Iran Cross Cultural Exchange

Hal-e shoma chetor ast? Who bead? Who bam. Kheili mamnunam. Khasteh  Nabshi. It takes all those words, like a fine Persian poem, to say hello in Farsi. I guess I should know as my good friend Karman (a Tehrani – not to be confused with a Yazdi by any measure) seared those words into my brain and after 21 days they finally stuck! Of course, when I try to impress anyone with my Farsi today, everyone always asks me if I was married to an Iranian otherwise how could I know how to say hello in Farsi so well? Moreover, most Iranians become suspicious when they hear that I went there initially all on my own as a solo traveler covering over 8,000km in a car with Karman as my guide and driver to scout out the location before I brought my group of intrepid travelers for a further 34-days!  Of course, during my visits, unless I was inside my hotel room, I had to dress in the Islamic tradition which meant I had to wear a black mid-calf manteau and scarf at all times. Funny enough after wearing this get-up for awhile, I became accustom to it.  So much so that when I went to visit a US friend’s sister living in Tehran, when she told me I could take off all my outerwear while in the confines inside her home – I took off my scarf but declined to discard the manteau.  The weather had been warm and I did not happen to have a heap of designer clothes underneath like a lot of the locals do.  Suffice it to say, you can stash a lot underneath that disguise. When I met the woman in the photo above at the Caspian Sea seaside resort of Bandar-e Anzali (our jumping off point to the village of Masule), it was fascinating to watch her pull out a book and all sorts of other items that were stashed away underneath her shroud.  Too bad she did not pull out a small tin of that infamous tasty black Caspian Sea caviar!  Honestly, there is nothing more amusing than a little cultural exchange…but all kidding aside, as a tourist it is easy for me to make light of the day-to day aspects of the mandatory restrictive clothing for the women there.  The truth is that in places like Ahvaz you could actually die of a heat stroke because of it.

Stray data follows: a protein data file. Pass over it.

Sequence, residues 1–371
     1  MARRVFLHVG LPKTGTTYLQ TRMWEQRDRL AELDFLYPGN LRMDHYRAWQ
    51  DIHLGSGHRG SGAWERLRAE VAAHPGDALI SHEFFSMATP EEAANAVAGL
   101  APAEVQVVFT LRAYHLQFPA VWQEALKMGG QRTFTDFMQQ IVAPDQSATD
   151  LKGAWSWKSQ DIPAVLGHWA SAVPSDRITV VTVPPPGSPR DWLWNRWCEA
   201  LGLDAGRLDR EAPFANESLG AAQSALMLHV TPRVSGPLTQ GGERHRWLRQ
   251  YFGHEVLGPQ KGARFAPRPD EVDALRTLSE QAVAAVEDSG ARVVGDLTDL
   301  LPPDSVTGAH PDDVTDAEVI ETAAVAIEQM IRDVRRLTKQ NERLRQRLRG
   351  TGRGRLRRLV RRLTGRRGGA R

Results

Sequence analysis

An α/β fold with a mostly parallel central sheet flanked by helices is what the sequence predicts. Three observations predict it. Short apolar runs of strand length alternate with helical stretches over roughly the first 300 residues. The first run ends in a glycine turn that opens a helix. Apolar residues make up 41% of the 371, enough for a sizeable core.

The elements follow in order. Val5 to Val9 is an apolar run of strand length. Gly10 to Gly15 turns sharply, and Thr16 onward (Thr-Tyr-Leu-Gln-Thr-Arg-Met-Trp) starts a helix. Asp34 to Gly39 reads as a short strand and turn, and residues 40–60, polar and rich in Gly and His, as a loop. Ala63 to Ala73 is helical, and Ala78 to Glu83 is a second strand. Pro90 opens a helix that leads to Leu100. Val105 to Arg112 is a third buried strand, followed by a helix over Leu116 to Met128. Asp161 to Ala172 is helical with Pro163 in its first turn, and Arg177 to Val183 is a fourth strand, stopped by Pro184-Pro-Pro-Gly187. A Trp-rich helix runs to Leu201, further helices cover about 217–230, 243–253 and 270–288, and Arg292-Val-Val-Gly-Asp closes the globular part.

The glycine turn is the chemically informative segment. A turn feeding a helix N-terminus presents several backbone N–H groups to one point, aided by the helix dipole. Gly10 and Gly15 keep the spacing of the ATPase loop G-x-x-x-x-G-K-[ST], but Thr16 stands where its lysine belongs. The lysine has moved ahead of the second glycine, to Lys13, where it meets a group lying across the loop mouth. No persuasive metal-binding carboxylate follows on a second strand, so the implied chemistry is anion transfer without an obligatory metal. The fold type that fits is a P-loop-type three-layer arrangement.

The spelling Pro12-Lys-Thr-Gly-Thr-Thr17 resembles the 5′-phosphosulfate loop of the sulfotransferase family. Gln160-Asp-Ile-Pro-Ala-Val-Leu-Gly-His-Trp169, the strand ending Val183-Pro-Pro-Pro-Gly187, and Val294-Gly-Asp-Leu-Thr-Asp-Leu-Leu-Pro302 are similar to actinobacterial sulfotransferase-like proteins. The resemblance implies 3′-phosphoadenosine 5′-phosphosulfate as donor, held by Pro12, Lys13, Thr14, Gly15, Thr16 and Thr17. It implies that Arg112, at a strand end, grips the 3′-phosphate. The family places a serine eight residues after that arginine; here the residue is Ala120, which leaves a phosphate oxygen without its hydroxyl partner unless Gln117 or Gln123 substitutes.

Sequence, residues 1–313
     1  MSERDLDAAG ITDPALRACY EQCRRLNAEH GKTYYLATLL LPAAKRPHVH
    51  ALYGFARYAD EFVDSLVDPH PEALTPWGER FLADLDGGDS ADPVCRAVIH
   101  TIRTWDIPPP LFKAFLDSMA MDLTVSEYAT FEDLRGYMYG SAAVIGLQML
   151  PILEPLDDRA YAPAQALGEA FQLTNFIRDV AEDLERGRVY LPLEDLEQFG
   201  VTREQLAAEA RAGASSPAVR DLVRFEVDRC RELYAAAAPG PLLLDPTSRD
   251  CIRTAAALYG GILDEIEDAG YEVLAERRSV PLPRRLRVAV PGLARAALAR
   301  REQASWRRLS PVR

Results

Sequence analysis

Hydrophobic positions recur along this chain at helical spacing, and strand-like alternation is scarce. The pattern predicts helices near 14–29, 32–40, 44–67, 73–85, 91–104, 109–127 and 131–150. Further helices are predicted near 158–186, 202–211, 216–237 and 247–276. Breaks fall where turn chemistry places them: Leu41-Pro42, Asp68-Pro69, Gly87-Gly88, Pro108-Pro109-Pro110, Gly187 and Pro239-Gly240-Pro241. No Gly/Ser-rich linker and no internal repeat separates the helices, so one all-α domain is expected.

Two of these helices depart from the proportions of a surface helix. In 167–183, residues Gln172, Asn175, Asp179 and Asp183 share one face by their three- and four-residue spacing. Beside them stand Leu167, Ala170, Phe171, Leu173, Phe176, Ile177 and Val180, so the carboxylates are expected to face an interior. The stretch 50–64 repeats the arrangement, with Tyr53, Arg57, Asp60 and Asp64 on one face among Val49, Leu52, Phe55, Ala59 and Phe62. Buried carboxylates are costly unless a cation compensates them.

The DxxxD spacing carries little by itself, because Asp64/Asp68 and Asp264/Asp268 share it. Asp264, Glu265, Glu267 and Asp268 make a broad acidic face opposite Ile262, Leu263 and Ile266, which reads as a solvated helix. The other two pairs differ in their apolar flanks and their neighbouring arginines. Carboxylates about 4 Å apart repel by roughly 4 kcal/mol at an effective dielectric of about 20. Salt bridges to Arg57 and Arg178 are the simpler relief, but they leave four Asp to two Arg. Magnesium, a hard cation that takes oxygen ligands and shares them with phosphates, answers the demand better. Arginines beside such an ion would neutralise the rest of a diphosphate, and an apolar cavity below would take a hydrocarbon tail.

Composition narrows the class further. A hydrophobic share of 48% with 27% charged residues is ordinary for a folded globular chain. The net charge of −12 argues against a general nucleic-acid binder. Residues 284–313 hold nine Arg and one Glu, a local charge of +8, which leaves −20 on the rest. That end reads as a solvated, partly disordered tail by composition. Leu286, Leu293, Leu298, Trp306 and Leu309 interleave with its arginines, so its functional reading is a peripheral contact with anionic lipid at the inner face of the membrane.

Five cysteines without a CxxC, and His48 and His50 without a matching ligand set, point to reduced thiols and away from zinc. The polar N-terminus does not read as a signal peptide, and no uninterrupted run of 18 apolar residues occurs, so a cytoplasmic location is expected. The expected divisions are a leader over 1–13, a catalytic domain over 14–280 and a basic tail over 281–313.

Although I spent quite a bit of time in Iran as a tourist and traveled farther and wider than many Iranians do themselves in their own country, I find that there are still places I would like to explore.  For instance, I never did get over to Baluchistan.  Although after a couple glorious days exploring the museums, squares and gardens of Esfahan, Kamran did drive me across the black sands of Dasht-E-Kavir (the Great Salt Desert) to Gonabad in the south of Khorassan province where I purchased several small cellophane bags of the local Saffron.  It would also be something if I could somehow follow the magnificent nomadic migration in the Spring, although the tribes are using trucks more and more these days to haul their tents and animals.  I guess that is progress…

So, this post leaves me here dreaming I was in Shiraz with Kamran at the “Shotter Abbas (Baker Abbas)” restaurant on Khakshenassi street, Gaz square, which serves up plates of that beautiful jasmine rice smothering a nice round ball of butter with pistachio and raisins, two Lari Kebobs and some nice hot nan.  In Los Angeles there is a restaurant near my sister’s house in Sunland, CA called “Olive Branch Restaurant” located at  3658 Foothill Boulevard, La Cresenta, CA 91214 which has outstanding Persian Cuisine and worth any effort to get there.  But my all time favorite is “Javan Restaurant” located at 11500 Santa Monica Blvd. Los Angeles, CA 90025 and I have driven all the way from San Diego to LA to meet my sister Liz there for lunch on several occasions!    If anyone else has recommendations for other fine authentic Persian style restaurants – please feel free to leave a comment…..Khoda hafez!